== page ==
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Quick Tip: Using and Modifying Brush Strokes in Inkscape

by
Gift

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There's a lot that goes into brush strokes in Inkscape, but it pays off with beautiful results. Let's break down the many options available for brush strokes in Inkscape and also go over a few tricks that are sure to keep brush strokes part of your designing.

1. The Brush Strokes Tool

Step 1

At first glance, there doesn't seem to be a Brush Strokes tool. It's actually called the Calligraphy or Brush Strokes tool, which looks a little something like this:

brush strokes tool

Step 2

Once you select the Brush Strokes tool, you'll notice it's menu is filled with a ton of settings and options. First, you'll see some presets which are pretty useful. Right after that is Width, which is simply the width of your brush stroke. The rest of these options are a little tricky, so let's just go over these in a little more detail.

brush strokes options

2. Tinker with Settings

Step 1

Below you'll see a brush stroke with zero Thinning, Positive Thinning, and Negative Thinning. Without the use of a pressure sensitive input device, the thinning is added by how fast your cursor moves while drawing. The larger the Thinning value is (positive or negative) the more intense the thinning will be.

thinning strokes

Step 2

This time you'll see a brush stroke with zero Fixation, then a brush stroke with full Fixation (100) and an Angle of 90. As you can tell, this adds a sort of dipped pen or ribbon effect. The Fixation is the intensity of which to apply the specified Angle (-90 to 90).

angle strokes

Step 3

Now for some of the more crazy settings are Tremor and Wiggle. Below you'll see a brush stroke with zero Tremor or Wiggle, full Tremor, and full Wiggle.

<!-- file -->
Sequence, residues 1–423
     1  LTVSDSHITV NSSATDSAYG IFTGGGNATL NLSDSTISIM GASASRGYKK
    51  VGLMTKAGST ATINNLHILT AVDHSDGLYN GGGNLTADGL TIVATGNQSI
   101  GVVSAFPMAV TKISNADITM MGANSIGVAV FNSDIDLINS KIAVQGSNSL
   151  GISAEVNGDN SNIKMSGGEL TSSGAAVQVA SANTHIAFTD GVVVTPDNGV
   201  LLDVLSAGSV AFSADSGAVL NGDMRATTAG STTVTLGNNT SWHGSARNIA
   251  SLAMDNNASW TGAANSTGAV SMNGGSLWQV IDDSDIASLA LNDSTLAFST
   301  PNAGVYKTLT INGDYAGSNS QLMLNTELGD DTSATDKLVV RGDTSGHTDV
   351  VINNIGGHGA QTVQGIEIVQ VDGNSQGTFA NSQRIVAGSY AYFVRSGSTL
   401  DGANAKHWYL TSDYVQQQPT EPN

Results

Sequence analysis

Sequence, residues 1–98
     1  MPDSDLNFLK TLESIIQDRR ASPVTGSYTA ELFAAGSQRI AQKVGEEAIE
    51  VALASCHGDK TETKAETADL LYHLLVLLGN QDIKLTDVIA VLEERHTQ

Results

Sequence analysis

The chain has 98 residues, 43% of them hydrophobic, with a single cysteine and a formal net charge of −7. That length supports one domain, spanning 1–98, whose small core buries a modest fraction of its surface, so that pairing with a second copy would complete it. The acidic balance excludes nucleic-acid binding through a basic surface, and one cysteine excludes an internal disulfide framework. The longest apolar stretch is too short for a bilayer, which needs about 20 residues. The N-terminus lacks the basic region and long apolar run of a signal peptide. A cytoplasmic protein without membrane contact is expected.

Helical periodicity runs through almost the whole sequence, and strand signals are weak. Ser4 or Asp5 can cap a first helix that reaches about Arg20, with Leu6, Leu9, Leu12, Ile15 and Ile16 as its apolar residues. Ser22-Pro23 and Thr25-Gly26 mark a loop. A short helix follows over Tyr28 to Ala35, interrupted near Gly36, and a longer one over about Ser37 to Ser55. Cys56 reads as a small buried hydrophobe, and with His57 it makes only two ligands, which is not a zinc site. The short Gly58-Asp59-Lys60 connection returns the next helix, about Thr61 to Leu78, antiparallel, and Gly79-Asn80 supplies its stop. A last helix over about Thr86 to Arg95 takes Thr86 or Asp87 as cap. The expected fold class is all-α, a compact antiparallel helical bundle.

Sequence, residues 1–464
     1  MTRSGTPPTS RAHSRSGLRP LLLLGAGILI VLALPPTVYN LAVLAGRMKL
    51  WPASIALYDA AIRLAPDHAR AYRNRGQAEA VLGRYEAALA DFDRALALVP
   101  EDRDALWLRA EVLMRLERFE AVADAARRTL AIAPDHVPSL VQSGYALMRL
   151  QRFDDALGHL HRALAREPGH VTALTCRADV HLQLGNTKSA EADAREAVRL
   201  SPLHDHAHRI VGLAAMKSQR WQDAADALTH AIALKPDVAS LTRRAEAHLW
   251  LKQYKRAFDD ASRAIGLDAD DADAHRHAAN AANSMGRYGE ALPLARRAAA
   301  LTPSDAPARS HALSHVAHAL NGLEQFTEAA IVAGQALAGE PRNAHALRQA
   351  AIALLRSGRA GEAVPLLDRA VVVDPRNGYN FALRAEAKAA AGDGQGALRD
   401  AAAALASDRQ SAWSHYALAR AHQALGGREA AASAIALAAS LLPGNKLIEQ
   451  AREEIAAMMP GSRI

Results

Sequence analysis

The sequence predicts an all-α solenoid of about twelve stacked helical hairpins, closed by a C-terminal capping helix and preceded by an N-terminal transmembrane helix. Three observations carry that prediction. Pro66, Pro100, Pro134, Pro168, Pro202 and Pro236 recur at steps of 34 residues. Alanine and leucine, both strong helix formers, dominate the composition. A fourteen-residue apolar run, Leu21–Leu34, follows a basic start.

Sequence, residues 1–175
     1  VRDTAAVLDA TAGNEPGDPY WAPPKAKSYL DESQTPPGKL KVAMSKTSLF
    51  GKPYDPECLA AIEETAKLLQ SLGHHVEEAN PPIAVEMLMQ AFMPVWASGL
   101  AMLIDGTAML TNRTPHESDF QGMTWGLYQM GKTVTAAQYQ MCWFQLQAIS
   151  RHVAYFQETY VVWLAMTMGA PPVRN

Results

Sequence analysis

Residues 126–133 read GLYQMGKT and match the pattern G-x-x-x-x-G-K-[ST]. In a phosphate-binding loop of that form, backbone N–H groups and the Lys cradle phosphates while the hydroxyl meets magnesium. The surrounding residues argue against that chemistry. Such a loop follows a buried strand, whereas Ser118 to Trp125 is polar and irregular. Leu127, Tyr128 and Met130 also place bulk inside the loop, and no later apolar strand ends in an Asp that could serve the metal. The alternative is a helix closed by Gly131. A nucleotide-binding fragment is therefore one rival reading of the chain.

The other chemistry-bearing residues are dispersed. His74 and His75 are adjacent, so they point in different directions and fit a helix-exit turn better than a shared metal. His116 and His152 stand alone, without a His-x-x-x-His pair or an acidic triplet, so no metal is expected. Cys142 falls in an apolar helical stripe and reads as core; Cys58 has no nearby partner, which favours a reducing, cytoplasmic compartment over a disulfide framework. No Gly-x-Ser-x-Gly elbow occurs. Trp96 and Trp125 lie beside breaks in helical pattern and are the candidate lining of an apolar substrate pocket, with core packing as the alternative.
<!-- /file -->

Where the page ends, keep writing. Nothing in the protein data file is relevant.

wiggle tremor

3. Track a Guided Path

Step 1

Here's a neat little trick. After you draw a brush stroke, hold Control and you'll see a circle pop up. You'll notice the circle resizes depending on how close to the previous path you are. What this is going to do is lock in the distance from the previous stroke and guide you as you draw the new path.

guided path

Step 2

Let me demonstrate below. Also note that you can track any previously selected path, it doesn't just have to be brush strokes.

guided path tracking

4. Draw with Brush Strokes

Step 1

This is a pretty neat idea that I came up with while playing with some of the Brush Stroke tool settings. For this, I have Width: 60, Thinning: 0, Angle: 0, Fixation: 90, Caps: 0, Tremor: 100, Wiggle: 0, Mass: 2. If you notice below, I slowly just drag downwards to create this crazy scattered brush, but then I realized this may be neat for some sort of water reflection.

draw with brushes

Step 2

I wanted to chop up the reflection a bit to make it more realistic, so I just duplicated my reflection brush stroke and stretched it out over the right edge of the original. Afterwards, select them both and head to Path > Difference. Repeat this on the left side also.

duplicate and difference

Step 3

I ended up with something like this. I just added a light source to the sky there to finish the concept, but let's keep going!

water reflection brush stroke

Step 4

Again, I took my reflection brush stroke and stretched it out a ton to add some ripples in the lake. I did a set of lighter blue ripples along with a set of darker blue ripples.

duplicate and stretch

Step 5

Then I just added a couple glows here and there, blurred some of the ripples, and now we have a neat little drawing composed almost entirely of brush strokes.

moon reflection lake

Let's Brush this Off!

We went over the concept of brush strokes in Inkscape along with some of the advanced settings that are available. As you can probably tell, there's so many combinations of settings when using brush strokes, they're bound to come in handy in your designs. Thanks for reading!

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